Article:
Zeno Clash takes the standard first person shooter control scheme and slightly increases the complexity by introducing melee-focused commands. Spacebar is your block button, and it can be used with other movement and action commands to pull off some advanced moves, like grab (and then throw or attack), breaking blocks, dodging punches, and repelling kicks. You have standard and more powerful attacks to deal with enemy units, and the combinations make for varied and interesting combat (I was half-expecting a “haduken” thrown in there for good measure), much more so than your typical game that has one punch and that’s it. The game does use the same button for targeting an enemy as picking up an object, which is a strange design decision and comes in to play in a negative fashion. You are not limited to melee attacks, either, as Zeno Clash has prehistoric variations of most modern weapons: pistols, grenade launchers, rifles. All of the weapons have infinite ammo and only require reload times; I actually like this approach, especially since it’s usually way more effective to punch someone instead of shooting them. It is easy to switch between weapons and melee combat and the game automatically locks on the closest enemy when you start swinging. The melee combat in Zeno Clash is very well design and it’s far more interesting than any other shooter.

Zeno Clash features some basic but effective artificial intelligence in the form of some crazy freakin’ animals. The game basically tells you the behavior pattern of each enemy you encounter through the cut scenes, so at least Zeno Clash is upfront about it. The developers obviously have a bird fetish, as Zeno Clash features bird-men, bug-birds, and rath-birds, in addition to elephant-men, frog-things, and just plain weirdness in various other forms. And you can’t forget the parachuting explosive squirrels. You will encounter the same exact enemies multiple times, often in the same level. This could either be laziness, humor, or maliciousness. You are always outnumber by the enemies (usually three against one); this is where Zeno Clash derives most of its difficulty from, as individual enemies are not too difficult to deal with. It is fun to punch, block, and kick your way to freedom and pleasing to disarm enemies and then use their weapons against them. The linear level design doesn’t give you a whole lot of tactical freedom, but since the emphasis is on action anyway, this is not a big deal. Zeno Clash is certainly entertaining during its short run and it always features something new to beat to a pulp.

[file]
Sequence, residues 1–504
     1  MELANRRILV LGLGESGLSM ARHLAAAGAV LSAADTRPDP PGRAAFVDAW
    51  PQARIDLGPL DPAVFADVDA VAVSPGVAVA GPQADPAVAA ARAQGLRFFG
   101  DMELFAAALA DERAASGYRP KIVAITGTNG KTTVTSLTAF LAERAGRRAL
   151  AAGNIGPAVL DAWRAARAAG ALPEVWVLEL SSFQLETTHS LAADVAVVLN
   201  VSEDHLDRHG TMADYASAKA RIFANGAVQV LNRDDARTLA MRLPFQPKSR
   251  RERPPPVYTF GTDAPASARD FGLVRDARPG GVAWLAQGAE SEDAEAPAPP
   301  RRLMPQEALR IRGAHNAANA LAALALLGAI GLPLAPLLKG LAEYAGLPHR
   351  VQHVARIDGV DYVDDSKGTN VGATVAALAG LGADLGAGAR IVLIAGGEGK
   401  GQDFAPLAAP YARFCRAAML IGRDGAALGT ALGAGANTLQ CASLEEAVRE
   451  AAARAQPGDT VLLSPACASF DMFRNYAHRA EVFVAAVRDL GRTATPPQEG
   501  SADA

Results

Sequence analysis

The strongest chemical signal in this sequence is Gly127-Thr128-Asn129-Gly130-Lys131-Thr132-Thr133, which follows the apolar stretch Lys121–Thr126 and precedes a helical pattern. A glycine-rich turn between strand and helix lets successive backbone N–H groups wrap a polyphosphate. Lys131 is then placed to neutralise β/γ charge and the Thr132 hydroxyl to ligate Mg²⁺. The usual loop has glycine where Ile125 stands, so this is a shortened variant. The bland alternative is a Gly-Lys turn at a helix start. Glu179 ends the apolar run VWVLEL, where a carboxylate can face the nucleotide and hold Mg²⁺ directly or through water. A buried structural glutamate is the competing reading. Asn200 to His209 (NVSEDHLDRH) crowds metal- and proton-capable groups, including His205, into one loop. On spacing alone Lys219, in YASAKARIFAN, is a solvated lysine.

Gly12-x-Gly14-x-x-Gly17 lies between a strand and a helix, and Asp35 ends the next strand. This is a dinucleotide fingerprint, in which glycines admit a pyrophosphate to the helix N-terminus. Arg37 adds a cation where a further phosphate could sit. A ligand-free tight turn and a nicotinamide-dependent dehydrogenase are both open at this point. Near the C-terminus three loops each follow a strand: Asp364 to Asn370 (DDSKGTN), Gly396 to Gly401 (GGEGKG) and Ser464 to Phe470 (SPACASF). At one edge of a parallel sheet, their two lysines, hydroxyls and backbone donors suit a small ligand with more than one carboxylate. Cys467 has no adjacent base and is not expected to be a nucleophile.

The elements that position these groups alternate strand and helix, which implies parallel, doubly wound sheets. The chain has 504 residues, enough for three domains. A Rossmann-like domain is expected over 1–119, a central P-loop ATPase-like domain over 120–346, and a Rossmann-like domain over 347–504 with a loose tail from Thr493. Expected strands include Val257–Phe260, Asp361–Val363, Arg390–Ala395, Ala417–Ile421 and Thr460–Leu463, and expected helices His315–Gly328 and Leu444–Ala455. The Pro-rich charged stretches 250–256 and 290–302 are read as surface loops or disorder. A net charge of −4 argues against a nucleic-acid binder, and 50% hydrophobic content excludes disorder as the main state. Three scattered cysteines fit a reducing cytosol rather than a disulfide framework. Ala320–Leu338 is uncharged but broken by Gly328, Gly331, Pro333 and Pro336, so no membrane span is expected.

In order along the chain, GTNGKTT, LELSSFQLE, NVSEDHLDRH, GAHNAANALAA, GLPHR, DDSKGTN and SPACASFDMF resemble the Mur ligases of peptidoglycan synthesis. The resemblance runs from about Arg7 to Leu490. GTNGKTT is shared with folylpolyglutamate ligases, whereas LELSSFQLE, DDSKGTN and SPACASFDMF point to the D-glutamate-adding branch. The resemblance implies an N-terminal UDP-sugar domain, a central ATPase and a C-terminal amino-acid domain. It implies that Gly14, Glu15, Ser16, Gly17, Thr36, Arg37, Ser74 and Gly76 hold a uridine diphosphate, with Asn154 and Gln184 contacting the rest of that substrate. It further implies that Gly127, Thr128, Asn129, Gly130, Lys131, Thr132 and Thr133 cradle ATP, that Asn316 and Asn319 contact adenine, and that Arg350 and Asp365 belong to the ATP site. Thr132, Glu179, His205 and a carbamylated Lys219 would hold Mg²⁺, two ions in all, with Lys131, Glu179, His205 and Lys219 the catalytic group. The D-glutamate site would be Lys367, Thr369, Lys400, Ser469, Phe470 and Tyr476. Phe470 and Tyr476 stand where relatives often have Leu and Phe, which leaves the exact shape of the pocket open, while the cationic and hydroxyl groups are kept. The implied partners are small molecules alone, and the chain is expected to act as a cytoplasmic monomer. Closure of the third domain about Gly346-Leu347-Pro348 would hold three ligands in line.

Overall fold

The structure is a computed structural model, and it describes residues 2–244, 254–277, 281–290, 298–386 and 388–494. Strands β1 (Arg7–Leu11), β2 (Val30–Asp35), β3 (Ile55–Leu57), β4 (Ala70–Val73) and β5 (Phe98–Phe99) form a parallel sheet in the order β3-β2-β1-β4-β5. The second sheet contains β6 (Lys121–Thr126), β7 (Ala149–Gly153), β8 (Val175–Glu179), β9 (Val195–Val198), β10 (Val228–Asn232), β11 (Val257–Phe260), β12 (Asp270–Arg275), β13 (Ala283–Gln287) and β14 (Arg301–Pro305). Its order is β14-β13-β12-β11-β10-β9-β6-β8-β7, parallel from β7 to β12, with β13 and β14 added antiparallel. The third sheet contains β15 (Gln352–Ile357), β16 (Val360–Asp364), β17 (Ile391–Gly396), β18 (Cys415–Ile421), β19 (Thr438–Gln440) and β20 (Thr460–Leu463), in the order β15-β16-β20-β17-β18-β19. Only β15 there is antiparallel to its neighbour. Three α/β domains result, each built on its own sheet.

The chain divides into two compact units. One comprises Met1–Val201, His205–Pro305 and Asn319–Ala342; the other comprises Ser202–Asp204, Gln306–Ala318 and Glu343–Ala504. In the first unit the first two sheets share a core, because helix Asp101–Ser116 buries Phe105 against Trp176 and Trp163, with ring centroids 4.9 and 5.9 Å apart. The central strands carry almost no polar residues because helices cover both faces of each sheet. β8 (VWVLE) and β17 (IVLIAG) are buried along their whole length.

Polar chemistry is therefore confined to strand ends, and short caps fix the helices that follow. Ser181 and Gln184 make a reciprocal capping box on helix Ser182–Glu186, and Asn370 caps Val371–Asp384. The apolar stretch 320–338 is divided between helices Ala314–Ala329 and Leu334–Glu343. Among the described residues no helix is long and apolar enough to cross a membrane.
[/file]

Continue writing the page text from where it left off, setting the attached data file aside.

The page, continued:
Zeno Clash delivers exactly what you want from an independent game: originality. The game supplies originality in two main areas: the combat and the environment. Zeno Clash is the rare action game that actually has fun, enjoyable, and mostly non-repetitive melee combat, thanks to the simple control scheme that offers multiple counters and combos to keep things fresh. The setting is absolutely outstanding: something original is around every turn and you never know what crazy mutant enemy will appear next. The unique nature of Zeno Clash pulls you in and keeps you interested throughout the game’s short five-hour campaign. There isn’t much content beyond the campaign, though: the challenge mode against a horde of enemies in an empty room is only slightly interesting, and the lack of online combat is distressing because it probably would have been really sweet. Zeno Clash also has restrictions on saving your progress and you have to sit through each and every cut scene, which slows down the game flow significantly. Still, the two strengths of Zeno Clash are strong enough to almost ignore its shortcomings. If you don’t like a heavy focus on melee combat, then Zeno Clash probably won’t appeal to you, but everyone else should definitely check it out.